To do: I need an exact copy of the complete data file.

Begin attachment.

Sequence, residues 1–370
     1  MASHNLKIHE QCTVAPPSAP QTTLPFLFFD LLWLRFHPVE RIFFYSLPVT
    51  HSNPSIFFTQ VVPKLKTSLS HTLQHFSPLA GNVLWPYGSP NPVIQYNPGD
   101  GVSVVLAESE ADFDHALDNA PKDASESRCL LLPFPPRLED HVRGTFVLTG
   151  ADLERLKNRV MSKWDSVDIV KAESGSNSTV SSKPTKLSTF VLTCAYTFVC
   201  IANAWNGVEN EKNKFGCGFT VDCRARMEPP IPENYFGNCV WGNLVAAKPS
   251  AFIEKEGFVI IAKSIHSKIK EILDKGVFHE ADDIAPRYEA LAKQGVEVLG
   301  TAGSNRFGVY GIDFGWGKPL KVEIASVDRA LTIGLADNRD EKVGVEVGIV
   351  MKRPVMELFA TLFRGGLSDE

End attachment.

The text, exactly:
Sequence, residues 1–370
     1  MASHNLKIHE QCTVAPPSAP QTTLPFLFFD LLWLRFHPVE RIFFYSLPVT
    51  HSNPSIFFTQ VVPKLKTSLS HTLQHFSPLA GNVLWPYGSP NPVIQYNPGD
   101  GVSVVLAESE ADFDHALDNA PKDASESRCL LLPFPPRLED HVRGTFVLTG
   151  ADLERLKNRV MSKWDSVDIV KAESGSNSTV SSKPTKLSTF VLTCAYTFVC
   201  IANAWNGVEN EKNKFGCGFT VDCRARMEPP IPENYFGNCV WGNLVAAKPS
   251  AFIEKEGFVI IAKSIHSKIK EILDKGVFHE ADDIAPRYEA LAKQGVEVLG
   301  TAGSNRFGVY GIDFGWGKPL KVEIASVDRA LTIGLADNRD EKVGVEVGIV
   351  MKRPVMELFA TLFRGGLSDE